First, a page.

Uncover hidden spiritual meanings

It is one of the eight Sabbats holidays of the Wiccans which make up the wheel of the year.

It is normally referred to as the spring equinox and is celebrated in mid-March, which marks the time when the sun is passing through the celestial equator.

For most neo-pagans and Wiccans, the holiday associated with the day is Ostara, where they welcome the change of season to brightening spring from dark winter. Apart from Ostara, other holidays which make up the wheel of the year include Litha, Beltane, Imbolc, the autumnal equinox, Yule, Samhain, and Lughnasadh.

The Origin of the Holiday

The word Ostara is said to have been derived from a German word “Eostre” which means, a Germanic goddess of spring. There are people who have this notion that Ostara just like many other pagan holidays, is a creation of modern pagans; while others claim that the holiday was derived from Celtic and Saxon spring holidays which was later Christianized Easter holiday. Whatever the case, the truth is, many religions do celebrate several holidays within this period of the year with Christians celebrating Easter holidays; Hindu the celebrate Holl; Sikh celebrates Hola Mohalla, and Jewish celebrates Purim.

For the neo-pagans, they celebrate the Ostara and it is during this celebration that the horned god and the Spring Maiden are celebrated because they represent the characteristics of the new season. The Celtic did not celebrate Ostara as a holiday, but a planting and new crop season.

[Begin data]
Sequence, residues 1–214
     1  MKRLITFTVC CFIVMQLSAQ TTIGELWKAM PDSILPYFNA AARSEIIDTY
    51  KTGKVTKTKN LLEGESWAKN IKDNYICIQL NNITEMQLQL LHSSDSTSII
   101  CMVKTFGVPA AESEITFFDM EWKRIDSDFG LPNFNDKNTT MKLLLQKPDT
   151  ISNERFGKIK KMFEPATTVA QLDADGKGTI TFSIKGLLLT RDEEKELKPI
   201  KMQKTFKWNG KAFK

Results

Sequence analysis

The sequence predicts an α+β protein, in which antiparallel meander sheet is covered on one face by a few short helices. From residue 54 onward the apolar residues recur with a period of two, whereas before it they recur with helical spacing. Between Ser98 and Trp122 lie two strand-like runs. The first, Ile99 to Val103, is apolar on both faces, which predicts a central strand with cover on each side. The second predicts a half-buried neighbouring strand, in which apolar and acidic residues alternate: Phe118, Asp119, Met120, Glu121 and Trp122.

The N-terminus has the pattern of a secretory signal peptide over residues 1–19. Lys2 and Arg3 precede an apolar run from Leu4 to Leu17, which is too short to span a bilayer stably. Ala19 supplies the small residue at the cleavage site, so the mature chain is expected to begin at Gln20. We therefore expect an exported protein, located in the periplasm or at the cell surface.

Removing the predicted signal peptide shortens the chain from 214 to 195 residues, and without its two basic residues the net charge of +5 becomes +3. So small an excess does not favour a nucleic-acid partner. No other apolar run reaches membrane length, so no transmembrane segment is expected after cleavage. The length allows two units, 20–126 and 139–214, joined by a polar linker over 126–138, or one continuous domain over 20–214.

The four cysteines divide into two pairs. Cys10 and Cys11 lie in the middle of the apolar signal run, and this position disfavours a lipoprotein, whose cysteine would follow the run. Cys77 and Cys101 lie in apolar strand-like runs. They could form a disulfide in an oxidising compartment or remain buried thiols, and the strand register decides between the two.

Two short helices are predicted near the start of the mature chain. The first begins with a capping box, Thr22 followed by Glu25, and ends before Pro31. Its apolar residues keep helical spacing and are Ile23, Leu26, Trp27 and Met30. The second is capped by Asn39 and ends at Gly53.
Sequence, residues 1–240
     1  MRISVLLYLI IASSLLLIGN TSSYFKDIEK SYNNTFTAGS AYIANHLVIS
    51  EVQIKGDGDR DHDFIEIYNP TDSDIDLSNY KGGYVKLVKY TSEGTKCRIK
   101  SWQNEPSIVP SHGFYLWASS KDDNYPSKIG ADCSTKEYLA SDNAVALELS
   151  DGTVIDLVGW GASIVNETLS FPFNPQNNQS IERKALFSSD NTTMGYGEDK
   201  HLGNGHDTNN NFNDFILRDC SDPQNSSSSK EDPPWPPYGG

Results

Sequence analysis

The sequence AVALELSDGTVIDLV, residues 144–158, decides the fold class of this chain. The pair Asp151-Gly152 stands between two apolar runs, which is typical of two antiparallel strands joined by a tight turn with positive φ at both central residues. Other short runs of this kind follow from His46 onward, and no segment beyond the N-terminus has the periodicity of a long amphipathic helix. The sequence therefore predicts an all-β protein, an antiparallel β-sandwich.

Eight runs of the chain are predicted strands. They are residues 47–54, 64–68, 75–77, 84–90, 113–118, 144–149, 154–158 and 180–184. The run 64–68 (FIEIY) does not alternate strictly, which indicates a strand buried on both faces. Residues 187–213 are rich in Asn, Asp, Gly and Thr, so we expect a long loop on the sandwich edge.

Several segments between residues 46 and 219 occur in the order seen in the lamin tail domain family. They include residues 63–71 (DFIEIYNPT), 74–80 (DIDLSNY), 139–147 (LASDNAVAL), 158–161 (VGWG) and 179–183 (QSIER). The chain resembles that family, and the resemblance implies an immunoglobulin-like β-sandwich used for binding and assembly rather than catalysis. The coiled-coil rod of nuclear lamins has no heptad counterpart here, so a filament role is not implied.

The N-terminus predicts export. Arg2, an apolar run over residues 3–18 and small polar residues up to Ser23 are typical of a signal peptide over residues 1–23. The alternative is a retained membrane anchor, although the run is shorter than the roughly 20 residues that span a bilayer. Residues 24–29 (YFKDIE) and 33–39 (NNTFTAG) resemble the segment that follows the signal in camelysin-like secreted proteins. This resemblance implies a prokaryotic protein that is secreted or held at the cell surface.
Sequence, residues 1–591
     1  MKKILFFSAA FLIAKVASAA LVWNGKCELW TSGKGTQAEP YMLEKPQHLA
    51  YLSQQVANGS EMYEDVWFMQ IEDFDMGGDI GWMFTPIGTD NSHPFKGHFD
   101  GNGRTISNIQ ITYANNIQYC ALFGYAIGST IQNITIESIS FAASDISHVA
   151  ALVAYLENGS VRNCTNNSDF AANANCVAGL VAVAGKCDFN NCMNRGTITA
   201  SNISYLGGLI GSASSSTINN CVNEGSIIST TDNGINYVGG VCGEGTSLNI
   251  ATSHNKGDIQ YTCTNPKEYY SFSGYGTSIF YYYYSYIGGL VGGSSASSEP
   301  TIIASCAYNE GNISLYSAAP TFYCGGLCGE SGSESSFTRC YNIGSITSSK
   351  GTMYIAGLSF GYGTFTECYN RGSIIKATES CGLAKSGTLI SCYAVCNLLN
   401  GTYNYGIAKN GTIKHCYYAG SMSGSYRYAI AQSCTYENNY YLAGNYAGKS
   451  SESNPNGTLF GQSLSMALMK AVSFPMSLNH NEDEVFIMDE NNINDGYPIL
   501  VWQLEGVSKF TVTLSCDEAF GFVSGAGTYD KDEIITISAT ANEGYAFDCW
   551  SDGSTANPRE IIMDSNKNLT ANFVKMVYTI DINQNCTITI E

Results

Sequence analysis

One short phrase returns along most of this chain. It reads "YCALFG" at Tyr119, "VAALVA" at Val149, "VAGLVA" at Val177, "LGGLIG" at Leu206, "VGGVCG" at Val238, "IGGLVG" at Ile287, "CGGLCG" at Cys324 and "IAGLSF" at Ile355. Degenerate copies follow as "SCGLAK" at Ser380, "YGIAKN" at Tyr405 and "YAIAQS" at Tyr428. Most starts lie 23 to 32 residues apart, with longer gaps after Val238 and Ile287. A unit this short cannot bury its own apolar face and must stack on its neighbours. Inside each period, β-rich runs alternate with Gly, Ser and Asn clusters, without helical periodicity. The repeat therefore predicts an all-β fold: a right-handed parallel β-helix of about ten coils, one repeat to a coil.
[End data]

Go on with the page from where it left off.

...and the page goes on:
In Persian countries, the Achaemenian dynasty celebrated the Ostara with the Noz Ruz, which is a new day celebration. To the Persians, it is a celebration of hope and renewal and they are celebrating it to this day. The Iranians celebrate the Chahar –Shanbeh Suri, which takes place just before the beginning of the No Ruz; it is a time for purifying homes in order to welcome the new day.

Ostara is the name given to an Anglo-Saxon goddess who is representative of dawn. During the spring, she becomes the spring goddess in charge of fertility and plants of the earth. The god pan, the horned god, is celebrated to symbolize the enjoyment of nature through dancing and hunting.

What Happens During Ostara?

This is the time when people are busy sowing seeds, thus a time for fertility. The March Hare is revered and considered to be one of the best symbols of fertility. A March Hare is a type of rabbit which most of the year, it is nocturnal, but in March, that is the time when they mate, thus several bunnies are normally all over the place in medieval societies of Europe. The female of the species can conceive a second time while it is still pregnant.

Symbols For The Ostara

Eggs, seeds, flower and rabbits are the symbols which are used during the Ostara celebrations. It is believed that these symbols represent the productiveness of spring and that is why the pagans see it best to incorporate them in the celebrations, altars, and rituals.

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By Florance Saul
Oct 2, 2012